We got home around noon on Inauguration Day – yeah! the US has a new president.
We saw that it was quite wet with huge puddles. We learned later that last night there’d been a thunder and lightning storm – extremely rare this time of year.
When we tried to connect to the park Wi-Fi, it lasted about an hour and then we never could get on again for the rest of the day. We talked to the office on Thursday and we were told, it had to be our equipment; later we talked to them again and told them how if we just walked 25 feet closer to the office, further from the Wi-Fi tower that is supposed to supply our signal, we can pick up that Wi-Fi signal but as soon as you approach that other tower, it disappears. We were advised that the owner would be around in a few days and we could discuss with him then. In the meantime, we went to sit in the common room to use the internet there. The sun came out that afternoon although it did not get as warm as last week. By evening we tried various methods to move out Wi-Fi extender to no avail.
Our Wi-Fi extender and repeater:
Friday morning we had working internet until lunch time; the signal was reachable but after that, had no internet. We could consider moving to another part of the park but that means all upcoming mail and packages won’t be addressed correctly. We have ordered a “yaggi” extender from Amazon and will give it a try; if it doesn’t work we can return it.
The weekend was pretty uneventful; cooler and windy but dry. Doug did a 16 mile run on Sunday – his longest in years so he was pretty darn happy.
Still no internet access and Sunday we learned that the owner will not be around until the end of the month!
Monday day we awoke to dark clouds and it sprinkled some then around 10:30 it poured and there were a couple of flashes of lightning and cracks of thunder but it didn’t last long. By 11 the sky was clearing and the afternoon was sunny but it didn’t warm up much beyond 14C / 57F; our coolest day here in Yuma for sure. Doug went out to Lowe’s and got supplies to make a pole/stand for the antenna we ordered and it arrived late that afternoon; we should have the cable in the morning.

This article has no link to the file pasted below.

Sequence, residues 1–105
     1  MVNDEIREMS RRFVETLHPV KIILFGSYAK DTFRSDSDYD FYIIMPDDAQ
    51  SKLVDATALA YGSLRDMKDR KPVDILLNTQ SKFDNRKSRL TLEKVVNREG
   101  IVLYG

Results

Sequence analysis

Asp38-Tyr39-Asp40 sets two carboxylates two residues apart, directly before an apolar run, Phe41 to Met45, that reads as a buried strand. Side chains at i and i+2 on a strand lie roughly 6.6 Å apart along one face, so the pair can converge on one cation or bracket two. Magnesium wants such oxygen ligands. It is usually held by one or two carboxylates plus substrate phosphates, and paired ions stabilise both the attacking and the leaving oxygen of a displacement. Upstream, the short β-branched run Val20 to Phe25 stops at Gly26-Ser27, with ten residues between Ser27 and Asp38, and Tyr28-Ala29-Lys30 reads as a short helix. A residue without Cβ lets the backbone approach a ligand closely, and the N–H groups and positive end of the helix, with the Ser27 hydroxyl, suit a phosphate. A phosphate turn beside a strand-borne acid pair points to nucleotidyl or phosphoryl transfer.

Tuesday we received the cable and our mail (which included new vehicle tags for all our vehicles, the trailer title and some Christmas cards!). We had already planned to take another short road trip – this time only for the day. It was sunny and warmer than Monday and we drove north into the Imperial Wildlife National Refuge to do two hikes.
Enroute you pass through the Yuma Proving Grounds where we saw some military sky diving training going on:
First hike was the Meer’s Point trail and we did the 1km hike out and back where we learned this:
Certain fly species lay their eggs on creosote bush branch bunds; as the larvae hatch they begin to feed on the plant and the bush grows a ball of leafy material around the larvae called a “gall”.
Do you know how to age a saguaro cactus? It’s by its height (which can also be affected by climate) but the first arms of a saguaro will not appear until between 50 and 100 years old! Some of the tallest ones are up to 200 years old and can weigh seven tons.
and saw this: burro trails. Notice the patch of sand/dust near the top left corner; this is a spot they like to roll around in the sand/dust when it’s too hot outside.
And these sandy depressions near the trail are where they often lay down to roll in the sand when they get too hot.
At the visitor centre which was naturally closed for COVID, there were a few hummingbird feeders and a lovely desert garden.
Enroute to our next hike a little ways down the road, we took a short drive to Mesquite Point and came upon a huge pond with ducks.
Painted Desert Trail was a very pretty loop walk through colourful hills.
About half way, we came upon two women with two small children and they pointed out some big horn sheep on the hills! We probably wouldn’t have seen them if they hadn’t told us as they blend in well, are very quiet and they weren’t in our direct line of sight. Apparently when they first saw them they were much closer to the trail so they’d hung around watching them.
We had intended to then check out the old mining town of Castle Dome Landing bit discoursed from Doug’s Wikipedia page that the town is now under water and the existing museum has “replicas” of the buildings so we passed on that. On the way back we could still see the blimp in the air and spotted two more on the ground:
We returned home to Araby where we ran some errands and made a DQ drive thru pit stop before going home.
Upon returning home, we got our new antenna hooked up and after some trial and error pointing it in the right direction, are back online!
another pic of poles
The few days of January was pretty uneventful. We chatted with our kids and mothers – both of whom have had their first vaccination dose. Weather was pretty good – little sprinkle on Friday afternoon for like ten minutes but otherwise mostly sunny and around 20C / 70F.
Update on weaning off coke: all the drinks we bought a couple of weeks ago failed the taste test; it’s the bubbles in the seltzer we don’t care for. We tried opening the cans when they were cold and leaving them to go flat but there’s still an aftertaste neither of us is crazy about; it’s okay but not going to do it for us. Fran found some water enhancers on Amazon that use Stevia instead of artificial sweeteners and we are enjoying four of the first five favours and we’re going to try the other five too. These seem more promising – we are now down to our last 2l bottle of diet coke….
As always check our galleries for even more photos!